CareerWritten by Beverly Creamer On 15 November 2011
Office Courtesy Can Vault Your Career Forward, a new Survey Finds

So you think you know how to behave in the office? That’s good, because it could help your career.

Almost half of those responding to a new survey by Robert Half International, a specialized staffing services firm, felt that being courteous to others in the office can move your career forward.

The same survey also discovered that some serious etiquette blunders occur in the office, including some who clip their nails at their desks, at least one who purposefully sneezed in the boss’s coffee cup, and someone who carries his cell phone conversations into the restroom with him.

While 48 percent of those responding felt that a person’s courteous office behavior could “greatly” accelerate their advancement, another 41 percent said it played “somewhat” of a role though skills played a bigger part. Another 10 percent felt it had no impact at all.

The survey included interviews with more than 430 workers, and also asked them to share some of the worst etiquette blunders they’ve observed. The list included:

  • Someone who stole other people’s lunches from the employee lounge area.
  • During collaboration on a project, an employee yelled ‘Forget this!” and threw all the papers she was holding into the air and walked out.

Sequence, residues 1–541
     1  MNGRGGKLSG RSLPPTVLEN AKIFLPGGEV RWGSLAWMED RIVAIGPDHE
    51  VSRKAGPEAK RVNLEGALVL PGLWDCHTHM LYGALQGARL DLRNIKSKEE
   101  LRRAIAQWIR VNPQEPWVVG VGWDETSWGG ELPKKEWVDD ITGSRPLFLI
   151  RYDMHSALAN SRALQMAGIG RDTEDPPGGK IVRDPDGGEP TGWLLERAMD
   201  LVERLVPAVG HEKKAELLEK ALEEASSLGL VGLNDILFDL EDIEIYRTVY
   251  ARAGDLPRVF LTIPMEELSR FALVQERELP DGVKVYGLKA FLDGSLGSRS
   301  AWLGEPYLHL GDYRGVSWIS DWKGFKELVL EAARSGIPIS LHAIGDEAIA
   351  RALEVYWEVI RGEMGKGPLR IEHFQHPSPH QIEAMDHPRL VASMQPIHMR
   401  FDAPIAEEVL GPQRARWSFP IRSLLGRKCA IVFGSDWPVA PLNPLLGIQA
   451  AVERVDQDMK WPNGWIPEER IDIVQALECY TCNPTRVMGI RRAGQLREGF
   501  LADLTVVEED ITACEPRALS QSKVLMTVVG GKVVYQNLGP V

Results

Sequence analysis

• Someone who didn’t get what they wanted, loudly hung up on a conference call.
  • An employee screaming at a customer.

Advice on etiquette from the global firm includes:

  • Although a coworker may do something that irritates you, take a minute to collect your thoughts before firing off a rude or hurtful email. Losing your cool can only worsen your problems.
  • Keep it PG-rated. When you wonder if you should say something or not, that’s your internal voice telling you to skip it. Off-color comments and salty language can get you in trouble.
  • Confine personal grooming activities to your home — or the restroom. The goal is not to offend your peers.
  •  Address problems with coworkers head-on, and in private.

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About Author

Beverly Creamer

A long-time Hawaii writer, formerly with The Honolulu Advertiser, and earlier, the Honolulu Star-Bulletin. University of Hawaii graduate; Canadian born.

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